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5 Reasons: Why Wild were eliminated

Offensive struggles, playing from behind led to Minnesota being ousted from postseason

by Jessi Pierce / NHL.com Correspondent

ST. PAUL, Minn. -- The Minnesota Wild entered their Western Conference First Round series against the St. Louis Blues feeling good after setting team single-season records for wins (49) and points (106), finishing second in the Central Division.

But the Wild, second in the NHL in goals during the regular season, struggled to score against Blues goaltender Jake Allen and the smothering defensive game of St. Louis. The Blues completed a 4-1 series win on Saturday with a 4-3 overtime victory in Game 5.

It was a disappointing finish for a team that felt it could go on a long Stanley Cup Playoffs run.

"Sure we felt good coming in," captain Mikko Koivu said. "I thought we had a great year coming into the playoffs and we played well, just not good enough. Somehow they got that extra goal four out of five [games]."

Here are 5 reasons the Wild were eliminated:

 

1. NO ANSWER FOR JAKE ALLEN

Minnesota outshot the Blues 182-134 but struggled to beat Allen. He made 174 saves in the series, including 51 in Game 1, a 2-1 overtime victory by St. Louis.

"We averaged 40 shots on goal a game," coach Bruce Boudreau said. "The goalie obviously was pretty good."

Video: STL@MIN, Gm5: Allen stones Zucker with quick glove

 

2. GOAL SCORERS DISAPPEARED

The Wild scored 263 goals during the regular season; 12 players scored 10 or more (tied for first in NHL). But some of the Wild's offensive threats couldn't solve Allen and the Blues defense. Zach Parise and Charlie Coyle scored two goals each; Martin Hanzal, Ryan Suter, Mikko Koivu, Jason Zucker each scored one.

Minnesota's top three regular-season goal scorers, Eric Staal (28), Mikael Granlund (26) and Nino Niederreiter (25) each came up empty. Granlund had two assists, Staal and Niederreiter each had one.

 

3. PLAYING FROM BEHIND

The Wild spent most of the series playing catch-up. The Blues scored first in four of the five games; the Wild got the first goal once, in their 2-0 win in Game 4.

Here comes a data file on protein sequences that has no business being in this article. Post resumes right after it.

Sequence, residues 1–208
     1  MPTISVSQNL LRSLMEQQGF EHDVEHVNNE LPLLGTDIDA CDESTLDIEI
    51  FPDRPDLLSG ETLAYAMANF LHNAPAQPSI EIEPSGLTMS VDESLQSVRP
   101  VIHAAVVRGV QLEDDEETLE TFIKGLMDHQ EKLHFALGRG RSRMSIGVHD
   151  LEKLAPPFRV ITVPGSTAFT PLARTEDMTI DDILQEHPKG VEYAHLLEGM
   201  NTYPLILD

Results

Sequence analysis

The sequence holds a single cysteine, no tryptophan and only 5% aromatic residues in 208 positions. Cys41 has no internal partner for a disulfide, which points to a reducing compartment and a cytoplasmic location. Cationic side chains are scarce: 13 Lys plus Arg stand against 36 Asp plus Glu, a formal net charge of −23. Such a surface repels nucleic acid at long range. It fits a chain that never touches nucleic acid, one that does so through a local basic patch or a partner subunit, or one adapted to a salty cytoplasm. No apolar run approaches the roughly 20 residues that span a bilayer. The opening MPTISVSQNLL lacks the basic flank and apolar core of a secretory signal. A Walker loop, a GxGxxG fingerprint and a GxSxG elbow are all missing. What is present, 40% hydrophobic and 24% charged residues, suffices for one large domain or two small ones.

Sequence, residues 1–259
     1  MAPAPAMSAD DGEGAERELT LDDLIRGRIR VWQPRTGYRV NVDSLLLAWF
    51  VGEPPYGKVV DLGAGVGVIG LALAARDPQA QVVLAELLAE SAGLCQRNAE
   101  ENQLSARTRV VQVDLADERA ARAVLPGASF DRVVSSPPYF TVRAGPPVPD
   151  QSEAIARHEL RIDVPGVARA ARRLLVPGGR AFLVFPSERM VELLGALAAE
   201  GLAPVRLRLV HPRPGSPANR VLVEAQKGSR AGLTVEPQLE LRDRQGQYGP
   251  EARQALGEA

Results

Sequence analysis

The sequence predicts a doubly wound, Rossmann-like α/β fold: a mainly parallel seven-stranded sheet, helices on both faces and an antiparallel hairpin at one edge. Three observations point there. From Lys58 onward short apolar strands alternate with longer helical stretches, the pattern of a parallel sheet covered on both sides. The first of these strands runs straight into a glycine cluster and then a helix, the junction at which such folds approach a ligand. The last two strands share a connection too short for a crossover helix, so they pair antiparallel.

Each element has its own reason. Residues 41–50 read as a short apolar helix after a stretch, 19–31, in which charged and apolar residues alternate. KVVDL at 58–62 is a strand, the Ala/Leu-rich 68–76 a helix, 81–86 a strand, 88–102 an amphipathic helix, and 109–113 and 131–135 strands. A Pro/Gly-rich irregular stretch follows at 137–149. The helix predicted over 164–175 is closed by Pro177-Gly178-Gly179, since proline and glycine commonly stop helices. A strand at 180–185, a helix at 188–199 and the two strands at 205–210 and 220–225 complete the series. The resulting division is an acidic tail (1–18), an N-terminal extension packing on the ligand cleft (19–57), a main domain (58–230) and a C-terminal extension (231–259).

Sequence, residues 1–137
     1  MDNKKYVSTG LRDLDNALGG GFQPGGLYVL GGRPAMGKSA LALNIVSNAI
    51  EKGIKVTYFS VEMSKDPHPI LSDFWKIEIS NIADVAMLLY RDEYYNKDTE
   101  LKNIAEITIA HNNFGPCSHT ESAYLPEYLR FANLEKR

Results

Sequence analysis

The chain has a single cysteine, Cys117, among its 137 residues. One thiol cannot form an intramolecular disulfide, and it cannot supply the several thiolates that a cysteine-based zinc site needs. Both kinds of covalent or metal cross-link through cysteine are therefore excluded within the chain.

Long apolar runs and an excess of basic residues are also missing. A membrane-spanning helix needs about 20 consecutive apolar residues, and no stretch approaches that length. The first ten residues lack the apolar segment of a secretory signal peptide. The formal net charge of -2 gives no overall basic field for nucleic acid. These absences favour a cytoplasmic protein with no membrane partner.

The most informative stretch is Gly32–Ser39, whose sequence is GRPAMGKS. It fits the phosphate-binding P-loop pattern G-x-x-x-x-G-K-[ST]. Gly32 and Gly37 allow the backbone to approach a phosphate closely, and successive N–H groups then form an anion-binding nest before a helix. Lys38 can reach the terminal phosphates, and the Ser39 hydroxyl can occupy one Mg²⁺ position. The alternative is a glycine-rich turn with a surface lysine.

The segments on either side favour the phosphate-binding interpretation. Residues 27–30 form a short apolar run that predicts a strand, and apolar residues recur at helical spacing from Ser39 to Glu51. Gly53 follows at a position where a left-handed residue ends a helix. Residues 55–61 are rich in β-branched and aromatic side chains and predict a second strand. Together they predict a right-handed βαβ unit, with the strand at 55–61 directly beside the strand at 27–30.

"Somehow they always got … that lead and they were able to hold onto it for the most part," Koivu said. "I don't know … it's 60 minutes or whatever it takes to solve a game. Sometimes the other team gets momentum too; they're allowed to score, they're allowed to get that momentum and I thought we came a little short."

Having to play catch-up, combined with an inability to finish their chances, was too much for the Wild.

"The finish in the playoffs wasn't there," Boudreau said. "In the regular season, we were getting finish. This [playoffs] we weren't getting [it]."

Video: NHL Tonight crew discuss Blues victory over the Wild

 

4. TOO BIG A MOUNTAIN

The Wild extended the series with their 2-0 win in Game 4 and rallied to force overtime in Game 5. But being down 3-0 to open the series proved too much.

"It's tough to handle really, none of us expected this. It's going to be a long offseason for sure," Parise said. "We tried to get our way back into the series, but when you're down 3-0 in the series, you're really asking a lot. Not that we quit; we never quit, we tried, we played hard all the way till the end but right now it's just a disappointing group of players."

 

5. NOT QUITE GOOD ENOUGH

Minnesota limited the Blues to 11 goals and held their top scorer, Vladimir Tarasenko, to one. But the Blues got offense from other sources. Defenseman Joel Edmundson scored two goals, including in overtime in Game 1. Bottom-six forward Magnus Paajarvi scored in overtime to win Game 5. Jaden Schwartz led the Blues with five points (two goals, three assists), and Alexander Steen had four (two goals, two assists). The end result was just enough offense to end the Wild's season.

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